A homeless veteran praised for spending his last $20 to help a motorist stranded on a suspect stretch of highway, a woman trying to check items off her terminally ill son's bucket list before losing him to leukemia, a family friend organizing a memorial for a soldier killed in Afghanistan — all of these stories tug at people's heartstrings, but they also have one other thing in common: they're lies.
A New Jersey couple and homeless Philadelphia man were recently arrested and charged for allegedly conspiring to hatch an elaborate ruse in 2017 that netted them a $400,000 profit. The trio, Kate McClure, Mark D'Amico and Johnny Bobbitt, appeared on talk shows, posed for newspaper and magazine photos and detailed elaborate, noble plans for the donations, including giving a chunk of it to charity. But a prosecutor revealed this month "the entire campaign was predicated on a lie."
The alleged scammers' story slowly unraveled and their lies finally caught up with them a year later, officials said. They were each charged with theft by deception and conspiracy to commit theft by deception — offenses that could put them behind bars for 5 to 10 years.
Across the nation, people took to the Internet to express their shock at the reported deception and to slam the threesome for having "no moral compass." But concocting a sob story to swindle people isn't new. This case is just the most recent of many that have used the world wide web to cheat generous souls — though GoFundMe maintains "misuse is rare."
"Campaigns with misuse make up less than one-tenth of one percent of all campaigns," a GoFundMe spokesperson previously said in a statement. "We have a zero tolerance policy for fraudulent behavior."
On its website, GoFundMe says its "GoFundMe Guarantee" policy assures all funds are protected and in the "rare case something isn't right" they will return donors' cash.
"Just because it's on the internet doesn't mean it's legitimate."
Daniel Borochoff, president of the Chicago-based nonprofit Charity Watch, urges donors to be "healthy skeptics" when it comes to online giving, especially to crowdfunding giants such as GoFundMe. He noted their platform doesn't have nearly as many safeguards — such as a board of directors, accountability requirements or disclosures — as other charities.
"Just because it's on the internet doesn't mean it's legitimate," Borochoff told Fox News. "The deal is it's a business; they're in it to make money. The bottom line: donor beware."
Borochoff recommended donating to people you already know are trustworthy. Donors should also look for "red flags" in "sob stories" such as Bobbitt's, he said. Lastly, he suggested looking for details regarding what the plans are for the funds and whether or not they have a legitimate fundraising goal.
"I would look at that very closely. If they keep raising it, make sure there's a reason other than greediness," he advised, pleading people not to get "too caught up" in their emotions. "Use your head. Think it through. See if it's practical."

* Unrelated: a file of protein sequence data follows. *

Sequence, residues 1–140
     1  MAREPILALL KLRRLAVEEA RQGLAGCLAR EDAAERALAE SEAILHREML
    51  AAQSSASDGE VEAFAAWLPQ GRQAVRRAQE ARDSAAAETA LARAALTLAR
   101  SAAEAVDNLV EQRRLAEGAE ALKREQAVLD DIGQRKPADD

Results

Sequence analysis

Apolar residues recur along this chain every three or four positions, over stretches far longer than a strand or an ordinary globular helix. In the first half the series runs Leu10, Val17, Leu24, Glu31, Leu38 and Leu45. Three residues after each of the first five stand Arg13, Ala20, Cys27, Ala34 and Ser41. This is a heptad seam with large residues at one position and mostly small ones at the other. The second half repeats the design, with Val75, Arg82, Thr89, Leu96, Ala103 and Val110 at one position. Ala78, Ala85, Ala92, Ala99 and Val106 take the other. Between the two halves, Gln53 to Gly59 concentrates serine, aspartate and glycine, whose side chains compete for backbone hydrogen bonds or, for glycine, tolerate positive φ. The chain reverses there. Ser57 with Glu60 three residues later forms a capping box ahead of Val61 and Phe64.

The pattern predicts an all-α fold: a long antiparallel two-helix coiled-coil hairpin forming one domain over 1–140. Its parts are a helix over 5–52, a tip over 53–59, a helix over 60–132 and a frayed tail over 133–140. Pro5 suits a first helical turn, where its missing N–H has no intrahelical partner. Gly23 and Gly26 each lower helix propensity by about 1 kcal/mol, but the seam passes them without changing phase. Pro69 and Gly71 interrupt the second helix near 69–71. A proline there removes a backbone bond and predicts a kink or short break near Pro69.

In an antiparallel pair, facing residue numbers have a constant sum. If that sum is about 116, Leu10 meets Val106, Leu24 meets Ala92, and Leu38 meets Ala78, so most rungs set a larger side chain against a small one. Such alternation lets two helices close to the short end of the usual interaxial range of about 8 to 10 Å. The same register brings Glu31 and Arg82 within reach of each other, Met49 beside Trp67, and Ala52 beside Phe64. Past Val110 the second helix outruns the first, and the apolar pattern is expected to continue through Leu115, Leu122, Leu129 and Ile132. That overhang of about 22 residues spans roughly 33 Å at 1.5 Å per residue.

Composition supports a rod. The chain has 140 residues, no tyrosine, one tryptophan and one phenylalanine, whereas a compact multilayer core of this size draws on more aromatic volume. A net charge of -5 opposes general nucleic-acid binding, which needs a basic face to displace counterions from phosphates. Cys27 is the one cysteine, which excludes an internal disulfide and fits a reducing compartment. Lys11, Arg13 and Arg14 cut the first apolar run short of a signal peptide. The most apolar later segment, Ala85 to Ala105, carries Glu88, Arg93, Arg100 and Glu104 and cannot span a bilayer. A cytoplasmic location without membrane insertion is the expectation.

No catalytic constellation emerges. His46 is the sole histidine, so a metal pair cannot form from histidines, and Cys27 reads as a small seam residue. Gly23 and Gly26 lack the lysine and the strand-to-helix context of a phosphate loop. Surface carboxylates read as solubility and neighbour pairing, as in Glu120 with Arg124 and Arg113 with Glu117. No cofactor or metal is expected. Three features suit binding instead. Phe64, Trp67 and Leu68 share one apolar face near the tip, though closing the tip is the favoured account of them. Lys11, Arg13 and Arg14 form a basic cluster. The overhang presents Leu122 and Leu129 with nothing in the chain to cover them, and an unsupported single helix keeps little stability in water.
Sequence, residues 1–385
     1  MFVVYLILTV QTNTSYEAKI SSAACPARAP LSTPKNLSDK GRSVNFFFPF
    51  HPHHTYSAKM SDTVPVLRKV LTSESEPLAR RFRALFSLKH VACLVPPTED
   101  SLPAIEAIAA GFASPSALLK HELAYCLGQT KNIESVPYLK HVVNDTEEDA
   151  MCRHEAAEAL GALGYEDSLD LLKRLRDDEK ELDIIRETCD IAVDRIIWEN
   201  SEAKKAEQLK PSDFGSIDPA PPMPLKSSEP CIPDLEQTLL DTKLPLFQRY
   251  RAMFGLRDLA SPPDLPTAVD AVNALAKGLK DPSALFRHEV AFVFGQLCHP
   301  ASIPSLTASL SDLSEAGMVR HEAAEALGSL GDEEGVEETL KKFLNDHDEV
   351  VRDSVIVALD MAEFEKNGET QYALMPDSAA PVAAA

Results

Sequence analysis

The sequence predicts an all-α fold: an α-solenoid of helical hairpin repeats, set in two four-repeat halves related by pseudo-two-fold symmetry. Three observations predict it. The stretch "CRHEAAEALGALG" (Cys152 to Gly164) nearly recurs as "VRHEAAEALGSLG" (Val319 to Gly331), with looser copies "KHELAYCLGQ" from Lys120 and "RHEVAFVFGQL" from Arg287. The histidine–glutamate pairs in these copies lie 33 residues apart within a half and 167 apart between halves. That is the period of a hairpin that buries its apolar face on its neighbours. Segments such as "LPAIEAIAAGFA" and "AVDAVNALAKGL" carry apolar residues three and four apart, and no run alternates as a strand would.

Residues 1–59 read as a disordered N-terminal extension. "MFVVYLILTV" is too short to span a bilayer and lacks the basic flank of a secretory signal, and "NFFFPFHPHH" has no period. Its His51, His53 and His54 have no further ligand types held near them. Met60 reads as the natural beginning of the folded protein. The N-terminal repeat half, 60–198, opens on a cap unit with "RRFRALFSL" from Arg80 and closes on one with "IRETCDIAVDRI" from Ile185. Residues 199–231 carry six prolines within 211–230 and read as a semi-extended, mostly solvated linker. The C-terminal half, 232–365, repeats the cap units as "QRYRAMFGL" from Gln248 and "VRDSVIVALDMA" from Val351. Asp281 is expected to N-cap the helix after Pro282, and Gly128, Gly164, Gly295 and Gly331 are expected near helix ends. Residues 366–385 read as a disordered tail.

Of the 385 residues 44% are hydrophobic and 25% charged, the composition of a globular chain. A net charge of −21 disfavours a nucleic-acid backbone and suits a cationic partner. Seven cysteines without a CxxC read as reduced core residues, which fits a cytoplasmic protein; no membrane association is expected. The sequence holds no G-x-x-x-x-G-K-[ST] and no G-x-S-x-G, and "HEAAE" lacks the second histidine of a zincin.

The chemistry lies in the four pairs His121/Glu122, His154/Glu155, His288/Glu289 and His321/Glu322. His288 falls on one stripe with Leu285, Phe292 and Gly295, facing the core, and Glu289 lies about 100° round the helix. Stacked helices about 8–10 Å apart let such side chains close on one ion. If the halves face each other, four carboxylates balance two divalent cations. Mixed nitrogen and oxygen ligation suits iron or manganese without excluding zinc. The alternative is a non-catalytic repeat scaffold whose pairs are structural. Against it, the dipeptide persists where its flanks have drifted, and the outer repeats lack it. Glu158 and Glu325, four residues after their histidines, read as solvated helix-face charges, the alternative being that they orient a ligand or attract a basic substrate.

To ensure your money makes it to the right place, Borochoff said you should consider donating to certified charities and doing your research ahead of time.
GoFundMe did not immediately return Fox News' request for further comment Friday morning.
Here's a look at several other recent crowdfunding scams that resulted in arrests:
Michigan woman's 'stage 4 breast cancer'
A Michigan woman claiming she was battling stage 4 breast cancer turned to family, friends and even strangers for help.
Candace Streng set up a GoFundMe page in April 2017 called “Candace Kicks Cancer,” raising more than $31,000 in donations, supposedly to help her with medical expenses. It wasn't until nine months later, donors discovered Streng's diagnosis was a sham.
Brighton police announced in January they were investigating Streng's story. GoFundMe spokesman Bobby Whithorne confirmed the organization was cooperating with law enforcement officials and ensured donors would be refunded if Streng misused the money.
In October 2018, she pleaded guilty to larceny by false pretenses and was sentenced to at least two years in prison, with credit for 182 days served, FOX2 reported.
"She stole money, lied to our faces, lied to our kids," Sarah Bees, a donor, said at Streng's sentencing. "What Candace did is inexcusable."
'Terminally ill' Alabama woman
For years, an Alabama woman led family members and close friends to believe she was dying.
Jennifer Flynn Cataldo, of Sterrett, said she had terminal cancer and used GoFundMe accounts, as well as social media, to collect nearly $265,000 from 2014 to 2017, allegedly to pay for "medical expenses" and a trip to Disney. Eventually, an investigation revealed she was healthy and the disease diagnosis was a hoax.